A rabbit may now look through the two tubes. of its top. then place a coin between the second and third fingers of the right hand. By placing a little hay or other food in the bottom of the box the trap need not be visited oftener than once a week. square is cut in each end level with the earth's surface and boxes 18 in. Keep the right hand faced down and the left hand . so they will lie horizontal. N. He smells the bait.J. hung on pivots. Cape May Point.Placing the Checkers them in four piles of two men each without omitting to jump over two checker men every time a move is made. snow or anything to hide it. The first move is to jump 5 over 4 and 3 on 2 which is shown in the second row. says the American Thresherman.-Contributed by I. Bayley. when it tilts down and the game is shot into the pit. The top and sides of the large box may be covered with leaves. The bait is hung on a string from the top of the large box so that it may be seen and smelled from the outside. A hole 6 or 7 in. with the longest end outside. squeezes along past the center of the tube. then jump 3 over 4 and 6 on 7 and the positions will appear as shown in the third row. The rabbit naturally goes into the holes and in this trap there is nothing to awaken his suspicion. jump 1 over 2 and 5 on 4 to get the men placed like the fourth row and the last move is to jump 8 over 3 and 7 on 6 which will make the four piles of two men each as shown in the fifth row. long that will just fit are set in. A Home-Made Rabbit Trap [233] Rabbit in the Trap A good serviceable rabbit trap can be made by sinking a common dry goods box in the ground to within 6 in. Old-Time Magic . G. A door placed in the top will enable the trapper to take out the animals.Changing a Button into a Coin [234] Place a button in the palm of the left hand. the tube righting itself at once for another catch.

pulling up the cloth and passing the stick through the hole as before. How to Remove Paper from Stamps [234] Old stamps as they are purchased usually have a part of the envelope from which they are taken sticking to them and in removing this paper many valuable stamps are torn or ruined. then draw the cloth around the hole through the string until it is far enough to pass the stick through the hole. E. Place all the stamps that are stuck to pieces of envelopes in hot water and in a short time they can be separated without injury. allowing the coin to drop into the left hand. Press the hands together. Brooklyn. Dry the stamps between two white blotters. Pull back the cloth and you have the string looped in the hole with a hitch the same as if the stick had been passed through the string. Pocatello. Rhode Island.faced up. N. --Contributed by L. --Contributed by L. then spread the string. Szerlip. or rub the hands a little before doing so. Buttonhole Trick [234] This trick is performed with a small stick having a loop attached that is too small for the stick to pass through. then expose again. The stick may be removed by pulling up the loop as if you were passing the stick through it. Stamps removed in this way will have a much better appearance when placed in an album. so as to conceal the coin and expose the button. Parker. stop quick and Making the Change the button will go up the right-hand coat sleeve. Imitation Arms and Armor PART I [235] . putting the stick in the hole and leaving the string on the outside. --Contributed by Charles Graham. Idaho. Pawtucket. Y. saying that you are rubbing a button into a coin. Spread out the string and place it each side of the buttonhole. With a quick motion bring the left hand under the right.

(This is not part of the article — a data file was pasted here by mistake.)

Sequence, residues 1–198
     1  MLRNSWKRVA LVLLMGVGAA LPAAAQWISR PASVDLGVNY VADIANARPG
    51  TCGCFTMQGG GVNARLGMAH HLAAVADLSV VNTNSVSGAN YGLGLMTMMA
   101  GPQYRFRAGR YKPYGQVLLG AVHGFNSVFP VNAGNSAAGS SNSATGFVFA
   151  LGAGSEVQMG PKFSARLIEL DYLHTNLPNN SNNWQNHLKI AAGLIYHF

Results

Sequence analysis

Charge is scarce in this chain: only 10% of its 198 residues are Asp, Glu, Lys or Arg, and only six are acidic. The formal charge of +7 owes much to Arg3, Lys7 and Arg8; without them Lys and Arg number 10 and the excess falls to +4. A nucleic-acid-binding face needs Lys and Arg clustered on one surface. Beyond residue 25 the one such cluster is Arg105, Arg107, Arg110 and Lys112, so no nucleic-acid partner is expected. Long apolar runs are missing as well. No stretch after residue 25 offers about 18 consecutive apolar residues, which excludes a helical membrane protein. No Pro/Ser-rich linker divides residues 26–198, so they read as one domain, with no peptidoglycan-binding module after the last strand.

are very expensive and at the present time practically impossible to obtain. The cross guard is flat and about 1 in. The end for the handle is cut about 1 in. or designs in this article are from authentic sources. 3 Fig. The accompanying illustration shows four designs of swords that anyone can make. so that where names are given the amateur can so label them. if any. trim the edges down thin and smooth both surfaces with fine sandpaper. The drawings are so plain that the amateur armorer should have very little difficulty. and allowing a few inches more in length on which to fasten the handle. The handle is next made. or green oil paint. Mark out the shape and size of the blade on a piece of wood 1/8 in. Glue the other side of the blade. dark red. When the glue is thoroughly dry. 1. says the English Mechanic. remove the surplus with a sharp knife and paint the handle with brown. wide and 2 in. whether he requires a single sword only. The blade is covered with tinfoil to give it the appearance of steel. long. narrower. and if carefully made. 1 Fig. The handle is then mortised to receive the 1 by 2-in. tapering down to 1-1/2 in. or a complete suit of armor.Genuine antique swords and armor. they will look very much like the genuine article.. Quickly paint the blade well with thin glue on one side. in building up his work from the illustrations. Cut out the wood with a scroll saw or a keyhole saw. wipe the blade . using a straightedge and a pencil. Secure some pieces of tinfoil and cut one strip 1/2 in. The cross guard is cut out and a hole made in the center through which to pass the handle end of the blade. and if the amateur does not possess a lathe on which to turn the shape of the handle. then lay evenly and press on the narrow strip of tinfoil. then the hole in the handle is well glued with glue that is not too thick and quite hot. wider than the blade and the other 1/4 in. An executioners' sword of the fifteenth century is shown in Fig. The blade should be about 27 in. the ridges around the wood may be imitated by gluing and tacking on pieces of small rope. The blade with the cross guard is inserted in the handle and allowed to set. 2 Fig. near the point end. and will thereby greatly add to their interest and value. end of the blade. The cross guard is now glued and placed Fig. The width of the blade near the handle is about 2-1/2 in. as used by the knights and soldiers in the days of old. put on the wider strip of tinfoil and glue the overlapping edge and press it around and on the surface of the narrow strip. in width.. 4 on the blade. When the whole is quite dry. The pieces. full size. Several ridges are cut around the handle to permit a firm grip. thick. The cross guard must be covered with tinfoil in the same manner as the blade. long with a handle of sufficient length to be grasped by both hands.